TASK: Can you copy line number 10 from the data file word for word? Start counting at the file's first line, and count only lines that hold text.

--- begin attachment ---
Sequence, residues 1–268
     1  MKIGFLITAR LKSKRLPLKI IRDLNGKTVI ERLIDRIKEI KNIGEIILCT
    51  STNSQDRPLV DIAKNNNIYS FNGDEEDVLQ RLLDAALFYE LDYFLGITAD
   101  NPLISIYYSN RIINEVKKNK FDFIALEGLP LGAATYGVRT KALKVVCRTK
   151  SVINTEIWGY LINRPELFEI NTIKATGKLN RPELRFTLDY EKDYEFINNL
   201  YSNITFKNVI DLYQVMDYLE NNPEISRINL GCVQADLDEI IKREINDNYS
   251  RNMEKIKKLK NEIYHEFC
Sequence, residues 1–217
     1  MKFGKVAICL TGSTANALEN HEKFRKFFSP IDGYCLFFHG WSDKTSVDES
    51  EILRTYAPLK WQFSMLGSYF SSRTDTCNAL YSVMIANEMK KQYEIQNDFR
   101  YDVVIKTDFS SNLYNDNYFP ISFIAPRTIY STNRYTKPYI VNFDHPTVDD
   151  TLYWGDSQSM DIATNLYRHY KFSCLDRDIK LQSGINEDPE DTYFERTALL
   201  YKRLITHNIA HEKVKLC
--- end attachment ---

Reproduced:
    51  EILRTYAPLK WQFSMLGSYF SSRTDTCNAL YSVMIANEMK KQYEIQNDFR